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It's a standalone HTML file on GitHub

I included the CSS and JavaScript with the HTML so it would be easier to e-mail the game.

I'm most interested in comments about the solution-checking functions. This is the main function:

var evaluateSolution = function () {
//"In play" is the default state for the game.
var state = stateGame;

//Look for exact matches. 
checkColorPositionMatches();

//If every peg matches exactly, the game was won
if (colorPositionMatches == codeLength) {
    state = stateWin;

} else {
    //Look for color matches among the unmatched pegs.
    checkColorMatches();
    state = stateLose;
}

//Reset the match state of each codePeg
unmatchCodePegs();

return state;
}

This one checks for exact matches.

var checkColorPositionMatches = function() {
colorPositionMatches = 0;

codePegLoop:
for (var codePegIdx=0;codePegIdx<codePegs.length;codePegIdx++) {
    var codePeg = codePegs[codePegIdx];

    //evaluate each gamePeg, stopping if we hit an exact match.
    gamePegLoop:
    for (var gamePegIdx=0;gamePegIdx<gamePegs.length;gamePegIdx++) {
        var gamePeg = gamePegs[gamePegIdx];

        if ((gamePeg.color == codePeg.color) &&
            (gamePeg.position == codePeg.position)) {

                gamePeg.colorPositionMatched = true;
                codePeg.colorPositionMatched = true;

                colorPositionMatches++;

                break gamePegLoop;
        }
    }
}
}

This one checks for color-only matches.

var checkColorMatches = function() {
colorMatches = 0;

codePegLoop:
for (var codePegIdx=0;codePegIdx<codePegs.length;codePegIdx++) {
    var codePeg = codePegs[codePegIdx];

    //evaluate each unmatched game peg, recording matches as they occur
    gamePegLoop:
    for (var gamePegIdx=0;gamePegIdx<gamePegs.length;gamePegIdx++) {
        var gamePeg = gamePegs[gamePegIdx];

        if (gamePeg.color == codePeg.color && 
           (gamePeg.colorMatched == false) &&
           (codePeg.colorMatched == false) &&
           (gamePeg.colorPositionMatched == false) &&
           (codePeg.colorPositionMatched == false)) {

            gamePeg.colorMatched=true;
            codePeg.colorMatched=true;

            colorMatches++;

            break gamePegLoop;
        }
    }
}
}
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The first thing I notice is that you're "manually" handling both color and position. This isn't actually necessary if you set everything up using simple arrays.

An array is, by definition, an indexed list of values. So if you use a simple array for your code and the pegs, then positions are the array's indices and colors are its values. This simplifies things considerably.

For instance, to find exact (color and position) matches, you only need to check if code[i] === pegs[i]. And to check if a peg matches anywhere in the code, you only need to check code.indexOf(peg[i]) !== -1. So if you can get something like this:

var code = ["white","black","red","blue","green"];  // the code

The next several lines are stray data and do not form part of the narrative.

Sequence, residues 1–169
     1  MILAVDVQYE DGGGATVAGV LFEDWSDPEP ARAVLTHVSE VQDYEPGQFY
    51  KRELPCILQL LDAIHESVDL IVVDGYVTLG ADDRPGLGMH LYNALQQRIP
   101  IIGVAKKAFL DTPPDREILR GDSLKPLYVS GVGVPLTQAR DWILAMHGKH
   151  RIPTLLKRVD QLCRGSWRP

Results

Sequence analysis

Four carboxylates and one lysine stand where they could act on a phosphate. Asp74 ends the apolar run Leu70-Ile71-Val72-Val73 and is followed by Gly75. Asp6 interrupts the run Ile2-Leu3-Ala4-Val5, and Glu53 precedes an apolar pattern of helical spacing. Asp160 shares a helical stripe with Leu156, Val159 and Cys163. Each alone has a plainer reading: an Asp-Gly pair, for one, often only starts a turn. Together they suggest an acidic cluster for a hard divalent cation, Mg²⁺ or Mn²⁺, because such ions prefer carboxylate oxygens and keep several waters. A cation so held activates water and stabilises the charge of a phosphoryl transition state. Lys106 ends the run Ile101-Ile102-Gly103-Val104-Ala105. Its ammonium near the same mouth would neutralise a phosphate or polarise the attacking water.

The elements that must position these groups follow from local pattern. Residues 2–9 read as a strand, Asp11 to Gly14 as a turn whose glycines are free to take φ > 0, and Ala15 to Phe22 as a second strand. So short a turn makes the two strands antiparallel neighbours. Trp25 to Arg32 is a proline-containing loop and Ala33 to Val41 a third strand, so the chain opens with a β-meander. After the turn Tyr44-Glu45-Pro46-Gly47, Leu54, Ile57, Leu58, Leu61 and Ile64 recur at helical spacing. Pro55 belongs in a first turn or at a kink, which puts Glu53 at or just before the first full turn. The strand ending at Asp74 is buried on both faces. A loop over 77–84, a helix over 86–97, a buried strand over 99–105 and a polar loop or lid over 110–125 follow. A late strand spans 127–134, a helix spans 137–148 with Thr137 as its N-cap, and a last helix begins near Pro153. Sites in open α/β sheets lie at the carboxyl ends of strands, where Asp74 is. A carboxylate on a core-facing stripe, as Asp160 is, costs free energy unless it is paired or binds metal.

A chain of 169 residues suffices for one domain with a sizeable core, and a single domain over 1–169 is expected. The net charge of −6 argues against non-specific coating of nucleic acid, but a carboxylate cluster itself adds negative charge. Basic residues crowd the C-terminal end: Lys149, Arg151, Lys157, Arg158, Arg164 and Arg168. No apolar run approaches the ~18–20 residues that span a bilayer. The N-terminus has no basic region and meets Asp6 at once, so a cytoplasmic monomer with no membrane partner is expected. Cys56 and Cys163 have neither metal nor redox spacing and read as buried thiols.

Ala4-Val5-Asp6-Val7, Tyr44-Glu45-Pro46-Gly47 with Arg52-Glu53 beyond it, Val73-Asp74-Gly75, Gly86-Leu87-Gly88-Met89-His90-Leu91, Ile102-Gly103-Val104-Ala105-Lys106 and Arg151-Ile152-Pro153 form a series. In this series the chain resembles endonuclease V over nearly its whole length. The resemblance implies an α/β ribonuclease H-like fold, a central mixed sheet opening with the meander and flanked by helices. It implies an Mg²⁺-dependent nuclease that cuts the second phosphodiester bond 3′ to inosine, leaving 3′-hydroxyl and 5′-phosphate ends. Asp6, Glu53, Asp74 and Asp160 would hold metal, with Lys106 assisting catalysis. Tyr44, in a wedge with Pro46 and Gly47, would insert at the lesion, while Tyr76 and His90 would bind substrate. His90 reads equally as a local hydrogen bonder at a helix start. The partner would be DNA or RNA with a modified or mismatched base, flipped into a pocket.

var pegs = ["white","black","blue","red","orange"]; // the player's selections

it'll make the checking a lot easier.

Now, along the way you'll need to do some extra work to keep track of the number of matches, and make sure you're not double-matching stuff. I.e. you need to pare down your arrays as you go, so they only contain the remaining unmatched values.

Here's an example:

function evaluateSolution(code, pegs) {
  var i, l,
      foundIndex,
      exactMatches = 0,
      valueMatches = 0;

  // copy the arrays, so we don't ruin the orignals
  code = code.slice(0);
  pegs = pegs.slice(0);

  // First pass: Look for value & position matches
  // We're looping "backwards", so we can safely remove items
  // "behind us"
  for( i = pegs.length - 1 ; i >= 0 ; i-- ) {
    // If there's a match, remove the matched index from both
    // the code and the pegs so it isn't matched again later.
    if(pegs[i] === code[i]) {
      exactMatches++;
      pegs.splice(i, 1);
      code.splice(i, 1);
    }
  }

  // Now, pegs and code only contain unmatched values

  // Second pass: Look for value matches anywhere in the code
  for( i = 0 , l = pegs.length ; i < l ; i++ ) {
    // attempt to find the peg in the remaining code
    foundIndex = code.indexOf(pegs[i]);
    if( foundIndex !== -1 ) {
      valueMatches++;
      // remove the matched code peg, since it's been matched
      code.splice(foundIndex, 1);
    }
  }

  // Now, return the number of exact and inexact matches
  // as an object, so it's easy to use
  return {
    exactMatches: exactMatches,
    valueMatches: valueMatches,
    totalMatches: exactMatches + valueMatches
  };
}

If you feed the arrays above to evaluateSolution() you'll get this back:

{
  exactMatches: 2,
  valueMatches: 2,
  totalMatches: 4
}

If exactMatches === code.length, then congrats, you've won! Otherwise, use the numbers to render the hint.


Other observations:

  • You leave a lot of blank lines in your code, but the non-blank lines are pretty crammed (e.g. your whitespace-less for-loop declarations). Give you code (and the reader) some space to breathe.
  • I looked briefly at the code on GitHub, and there's a lot going on. Too much really. But here's a hint: You can build most of HTML using JavaScript. Copy/pasting the HTML for each "turn" and giving it a new ID is a nightmare to deal with. Just loop and create elements in code.
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